Oh wait. It's still like that.

hkukbilingualidiot said...

I second to Si as I did develop a strong urge not to talk to any professors. It is possible that it's indirectly influenced by my personal tutor (in his 70's) who treated me rather like a kid but in general teachers and students don't really mix.

scicurious said...

Creepy or weird or not (usually not), you're an idiot if you don't make some attempt to talk to your profs, ESPECIALLY if you want to go to grad school, and you need that letter of recommendation.

OTOH, the "creepy" (and I do mean creepy) behavioral of a prof during undergrad has made me sufficiently squeamish to actually feel odd about working for male profs. I know they aren't all that way, but it still makes me nervous.

Liz said...

Great post. I agree with Si that I am not at all surprised by this as I too generally avoided my profs as an undergrad. I doubt this woman meant that they were literally "creepy" but more that the idea of chatting up a professor was intimidating and thus made her uncomfortable.

Anonymous said...

Probably this was just a case of overgeneralization plus some hyperbole to make the point. I'll bet that she had plenty of professors who seemed perfectly normal to her; she doesn't doesn't remember them (or didn't want to, for the sake of saying something more outrageous).

Chris said...

I believe Si makes a valid point. When I returned to college as a non-traditional student I had frequent contact with my professors, but as a fresh undergraduate I avoided them as a matter of course. Even the ones who inspired me were intimidating to me. But I do find that seeking out conversations with students definitely helps.

Anonymous said...

Language Log wrote about shifting connotations of the word "creepy". link. They describe the word "creepy" losing its negative sense and coming to mean something closer to "uncanny" for younger generations.

I guess it doesn't really apply here, except to the extent that she may have only found them kind of strange rather than "disturbing and erratic", but I thought you might find it interesting.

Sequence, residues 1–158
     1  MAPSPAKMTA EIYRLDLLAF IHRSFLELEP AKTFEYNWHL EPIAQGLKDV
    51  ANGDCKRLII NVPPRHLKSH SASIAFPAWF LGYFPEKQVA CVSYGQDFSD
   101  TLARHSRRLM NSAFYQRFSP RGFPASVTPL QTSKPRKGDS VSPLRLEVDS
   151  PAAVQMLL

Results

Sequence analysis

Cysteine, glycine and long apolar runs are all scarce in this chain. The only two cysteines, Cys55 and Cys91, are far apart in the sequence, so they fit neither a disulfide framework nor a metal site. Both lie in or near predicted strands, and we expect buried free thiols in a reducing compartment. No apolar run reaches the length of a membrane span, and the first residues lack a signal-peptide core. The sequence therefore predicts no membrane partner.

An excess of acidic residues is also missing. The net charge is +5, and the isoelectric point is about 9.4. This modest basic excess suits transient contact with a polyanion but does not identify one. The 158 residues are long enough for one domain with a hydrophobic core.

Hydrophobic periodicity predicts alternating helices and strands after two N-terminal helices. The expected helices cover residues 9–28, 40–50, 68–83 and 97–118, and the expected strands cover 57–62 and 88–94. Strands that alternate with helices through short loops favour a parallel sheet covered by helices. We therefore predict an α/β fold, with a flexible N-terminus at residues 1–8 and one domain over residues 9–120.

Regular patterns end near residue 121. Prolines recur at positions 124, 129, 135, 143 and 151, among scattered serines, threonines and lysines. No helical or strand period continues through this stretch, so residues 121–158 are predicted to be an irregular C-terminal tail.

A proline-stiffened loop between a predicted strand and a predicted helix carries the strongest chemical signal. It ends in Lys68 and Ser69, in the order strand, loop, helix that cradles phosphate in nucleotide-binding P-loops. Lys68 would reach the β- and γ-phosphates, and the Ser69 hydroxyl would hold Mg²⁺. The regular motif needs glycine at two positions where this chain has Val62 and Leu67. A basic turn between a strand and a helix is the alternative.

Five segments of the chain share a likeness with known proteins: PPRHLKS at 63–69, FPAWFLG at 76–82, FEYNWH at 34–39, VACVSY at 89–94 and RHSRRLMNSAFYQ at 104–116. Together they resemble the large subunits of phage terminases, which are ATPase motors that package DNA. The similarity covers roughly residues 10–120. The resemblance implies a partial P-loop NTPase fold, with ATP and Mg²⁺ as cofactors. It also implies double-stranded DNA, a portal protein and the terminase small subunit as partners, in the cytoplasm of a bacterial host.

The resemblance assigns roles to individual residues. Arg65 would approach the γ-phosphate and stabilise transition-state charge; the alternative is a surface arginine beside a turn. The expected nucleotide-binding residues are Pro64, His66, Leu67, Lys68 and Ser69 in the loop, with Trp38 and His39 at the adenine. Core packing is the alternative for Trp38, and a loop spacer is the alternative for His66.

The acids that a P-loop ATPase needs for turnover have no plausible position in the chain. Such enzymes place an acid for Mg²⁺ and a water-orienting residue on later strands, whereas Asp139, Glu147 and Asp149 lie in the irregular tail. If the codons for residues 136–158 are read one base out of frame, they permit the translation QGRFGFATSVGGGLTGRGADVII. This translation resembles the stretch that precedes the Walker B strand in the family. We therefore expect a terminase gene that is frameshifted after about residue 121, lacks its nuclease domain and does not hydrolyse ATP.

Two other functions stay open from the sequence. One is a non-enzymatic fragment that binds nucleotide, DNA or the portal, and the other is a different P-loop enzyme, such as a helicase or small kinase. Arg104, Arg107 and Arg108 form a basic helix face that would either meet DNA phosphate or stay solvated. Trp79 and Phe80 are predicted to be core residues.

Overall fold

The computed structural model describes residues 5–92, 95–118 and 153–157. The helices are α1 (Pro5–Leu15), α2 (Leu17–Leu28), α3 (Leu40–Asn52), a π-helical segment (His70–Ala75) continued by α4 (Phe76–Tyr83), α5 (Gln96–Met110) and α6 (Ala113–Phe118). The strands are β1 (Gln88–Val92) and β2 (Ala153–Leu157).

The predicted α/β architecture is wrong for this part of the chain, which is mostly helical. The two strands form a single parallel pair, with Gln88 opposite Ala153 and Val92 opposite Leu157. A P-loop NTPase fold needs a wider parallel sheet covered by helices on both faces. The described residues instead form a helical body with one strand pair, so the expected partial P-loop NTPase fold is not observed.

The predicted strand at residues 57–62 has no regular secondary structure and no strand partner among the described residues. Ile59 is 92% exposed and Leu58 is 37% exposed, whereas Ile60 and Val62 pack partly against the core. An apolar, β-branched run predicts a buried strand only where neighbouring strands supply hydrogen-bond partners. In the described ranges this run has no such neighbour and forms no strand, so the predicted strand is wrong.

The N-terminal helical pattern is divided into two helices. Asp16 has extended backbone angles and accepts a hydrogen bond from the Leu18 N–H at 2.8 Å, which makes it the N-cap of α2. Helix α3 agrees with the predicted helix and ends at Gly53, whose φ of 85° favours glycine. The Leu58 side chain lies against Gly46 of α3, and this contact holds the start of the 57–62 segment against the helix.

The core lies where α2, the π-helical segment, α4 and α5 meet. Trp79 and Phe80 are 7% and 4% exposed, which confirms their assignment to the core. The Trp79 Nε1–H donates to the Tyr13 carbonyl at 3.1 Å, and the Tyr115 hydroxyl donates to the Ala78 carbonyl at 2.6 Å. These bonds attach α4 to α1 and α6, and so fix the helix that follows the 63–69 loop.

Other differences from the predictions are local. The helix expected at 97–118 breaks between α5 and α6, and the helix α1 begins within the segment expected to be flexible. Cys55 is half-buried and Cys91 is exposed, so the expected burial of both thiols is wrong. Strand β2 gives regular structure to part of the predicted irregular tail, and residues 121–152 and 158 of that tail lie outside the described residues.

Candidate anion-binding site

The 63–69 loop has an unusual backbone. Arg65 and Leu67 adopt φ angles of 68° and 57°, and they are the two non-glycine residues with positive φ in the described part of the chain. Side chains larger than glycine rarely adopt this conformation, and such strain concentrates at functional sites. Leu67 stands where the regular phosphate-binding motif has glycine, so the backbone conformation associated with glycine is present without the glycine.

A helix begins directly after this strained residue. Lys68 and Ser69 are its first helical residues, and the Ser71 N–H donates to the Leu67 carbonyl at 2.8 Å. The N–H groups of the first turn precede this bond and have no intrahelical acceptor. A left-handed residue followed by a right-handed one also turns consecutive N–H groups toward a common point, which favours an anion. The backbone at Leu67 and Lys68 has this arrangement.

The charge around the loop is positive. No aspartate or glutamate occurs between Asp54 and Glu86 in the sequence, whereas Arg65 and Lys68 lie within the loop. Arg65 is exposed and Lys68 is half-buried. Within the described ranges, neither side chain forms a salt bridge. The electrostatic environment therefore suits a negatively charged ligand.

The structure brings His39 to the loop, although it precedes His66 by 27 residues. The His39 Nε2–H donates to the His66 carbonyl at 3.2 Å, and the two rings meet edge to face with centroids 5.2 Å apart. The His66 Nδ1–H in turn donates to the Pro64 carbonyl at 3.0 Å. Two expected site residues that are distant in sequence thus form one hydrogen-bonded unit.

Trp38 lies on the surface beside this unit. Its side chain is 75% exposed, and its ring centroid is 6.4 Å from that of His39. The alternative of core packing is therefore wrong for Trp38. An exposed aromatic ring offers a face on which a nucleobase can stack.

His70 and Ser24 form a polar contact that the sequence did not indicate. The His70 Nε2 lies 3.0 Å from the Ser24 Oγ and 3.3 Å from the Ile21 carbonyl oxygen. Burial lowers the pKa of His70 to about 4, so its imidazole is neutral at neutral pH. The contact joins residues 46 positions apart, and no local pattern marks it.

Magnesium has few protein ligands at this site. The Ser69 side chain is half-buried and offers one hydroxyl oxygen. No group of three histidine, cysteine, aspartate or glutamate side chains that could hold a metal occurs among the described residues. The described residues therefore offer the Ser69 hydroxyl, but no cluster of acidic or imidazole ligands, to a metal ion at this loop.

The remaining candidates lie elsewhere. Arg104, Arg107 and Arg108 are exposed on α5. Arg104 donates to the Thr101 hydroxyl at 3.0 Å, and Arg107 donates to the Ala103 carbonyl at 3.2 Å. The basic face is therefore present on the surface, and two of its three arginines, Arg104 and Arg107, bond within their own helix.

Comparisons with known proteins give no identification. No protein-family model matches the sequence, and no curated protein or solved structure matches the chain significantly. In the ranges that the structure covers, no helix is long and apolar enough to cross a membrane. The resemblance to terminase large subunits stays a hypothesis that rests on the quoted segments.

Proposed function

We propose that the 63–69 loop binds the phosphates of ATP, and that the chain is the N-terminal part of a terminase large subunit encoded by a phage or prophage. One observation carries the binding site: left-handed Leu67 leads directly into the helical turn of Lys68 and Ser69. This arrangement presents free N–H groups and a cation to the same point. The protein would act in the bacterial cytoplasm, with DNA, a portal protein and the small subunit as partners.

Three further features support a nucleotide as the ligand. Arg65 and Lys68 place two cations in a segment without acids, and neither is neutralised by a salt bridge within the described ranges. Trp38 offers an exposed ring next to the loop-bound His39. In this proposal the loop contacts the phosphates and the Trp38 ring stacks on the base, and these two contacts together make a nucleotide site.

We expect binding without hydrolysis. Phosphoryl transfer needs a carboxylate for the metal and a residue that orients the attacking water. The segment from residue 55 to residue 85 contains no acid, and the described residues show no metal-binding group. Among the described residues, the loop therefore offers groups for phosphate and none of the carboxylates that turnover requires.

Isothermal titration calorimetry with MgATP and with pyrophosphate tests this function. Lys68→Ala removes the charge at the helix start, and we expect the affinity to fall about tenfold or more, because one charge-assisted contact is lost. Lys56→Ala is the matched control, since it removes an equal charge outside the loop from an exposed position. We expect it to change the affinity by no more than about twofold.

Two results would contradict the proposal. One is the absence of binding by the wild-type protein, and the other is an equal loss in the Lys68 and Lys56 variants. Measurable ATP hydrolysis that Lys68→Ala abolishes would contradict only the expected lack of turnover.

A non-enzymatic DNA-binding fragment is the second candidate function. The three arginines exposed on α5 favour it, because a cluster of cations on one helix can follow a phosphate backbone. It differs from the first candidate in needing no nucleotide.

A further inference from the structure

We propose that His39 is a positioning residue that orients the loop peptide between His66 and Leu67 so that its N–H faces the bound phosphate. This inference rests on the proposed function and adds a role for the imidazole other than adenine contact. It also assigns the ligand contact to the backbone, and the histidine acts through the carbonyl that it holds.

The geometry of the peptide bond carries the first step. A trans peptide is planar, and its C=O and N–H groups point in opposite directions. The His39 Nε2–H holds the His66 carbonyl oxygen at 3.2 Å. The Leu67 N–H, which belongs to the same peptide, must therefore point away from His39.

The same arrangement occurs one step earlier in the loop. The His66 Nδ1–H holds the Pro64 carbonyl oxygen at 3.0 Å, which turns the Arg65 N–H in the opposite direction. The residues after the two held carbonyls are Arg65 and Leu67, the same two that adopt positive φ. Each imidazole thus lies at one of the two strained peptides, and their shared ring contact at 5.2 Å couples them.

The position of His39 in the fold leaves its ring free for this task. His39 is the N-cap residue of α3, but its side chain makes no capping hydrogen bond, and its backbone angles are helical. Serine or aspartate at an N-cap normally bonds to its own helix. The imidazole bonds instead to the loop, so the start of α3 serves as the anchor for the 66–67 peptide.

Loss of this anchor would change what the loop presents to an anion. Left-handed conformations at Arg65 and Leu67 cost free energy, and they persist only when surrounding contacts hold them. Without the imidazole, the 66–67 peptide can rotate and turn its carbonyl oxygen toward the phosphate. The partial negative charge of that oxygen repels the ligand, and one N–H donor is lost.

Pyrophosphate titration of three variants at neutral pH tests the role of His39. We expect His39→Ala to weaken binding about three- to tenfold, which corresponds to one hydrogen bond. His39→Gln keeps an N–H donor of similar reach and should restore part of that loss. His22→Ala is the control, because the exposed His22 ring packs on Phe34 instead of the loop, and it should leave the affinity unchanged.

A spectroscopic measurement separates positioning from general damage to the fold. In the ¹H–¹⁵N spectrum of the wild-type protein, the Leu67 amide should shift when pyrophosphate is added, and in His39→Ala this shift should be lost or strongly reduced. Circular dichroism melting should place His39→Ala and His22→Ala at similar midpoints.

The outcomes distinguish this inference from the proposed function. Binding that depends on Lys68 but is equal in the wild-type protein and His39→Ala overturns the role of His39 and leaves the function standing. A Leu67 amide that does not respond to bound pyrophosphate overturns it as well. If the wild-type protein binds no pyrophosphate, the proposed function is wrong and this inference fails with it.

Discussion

Interdisciplinary Introspective said...

Maybe this is a large/research university (where classes are large and impersonal) vs. small/liberal arts college (where classes are small and professor/student interaction is encouraged) thing. I attended an exclusively undergraduate college, and I (and most of my friends) had no problems meeting with our professors for office hours. I had a couple of professors I rather enjoyed meeting with, and one who invited me to his home over the summer (not in a sketchy way) to discuss grad school options. And my husband now works at a PUI, and he has students dropping by his office all the time -- office hours or not.

Narya said...

Alternatively, the student might reminisce about how s/he was drawn into studying science by a professor who was enthusiastic and who made it a point to be welcoming. This might be particularly useful for young women.

I came from a small working-class town and it took me awhile to realize that I could and should talk to professors--and I went to a SPLAC. If I'd been at a big research university? Fuggedaboutit.

Maria said...

I think one of the greatest advantages of a SLAC is that students are more likely to have individual contact with their professors and are therefore less? likely to be creeped / weirded out.

Amanda said...

I didn't go talk to my profs, not because they creeped me out, but because I was afraid I would waste their time asking stupid questions, annoy them, make them think I was dumb, or other, similar self-conscious fears.

FemgineerPhD said...

If "creepy" means "not personable," then it doesn't surprise me that a student would make this comment. There is a common perception among graduate students that many faculty (especially at the top MRUs) are difficult to speak with. Though some of these assumptions are made by people who have never even attempted to start a conversation with a faculty member, the majority are based on bad experiences (being spoken to sarcastically or condescendingly during a talk, or when asking a question, etc.).

My personal feeling is that academia breeds a certain lack of accountability in how faculty interact with students. You're at the top of a totem pole where students are insignificant by comparison (I think Jorge Cham has some very funny PhDcomics about this). This culture tends to be self-perpetuating, and is one of the many reasons graduate students feel intimidated about academic career paths. What do I hope to do about it? Be approachable (maybe even smile a little- universally a sign of welcome unless you're an ape), strike up conversations with students that show a general interest in their intellectual well-being, and hopefully show that there isn't just "one model" of being successful in academia.

Ms.PhD said...

I think this may depend a lot on departmental culture.

I interacted a lot with almost all of my professors in almost all of my science and non-science departments, even at a big-ish school with some giga-sized classes. HOWEVER, there were a couple of departments (physics was one) where all the (yes, exclusively male) professors seemed, for lack of a better word, a little bit creepy (aka, more weird than most scientists).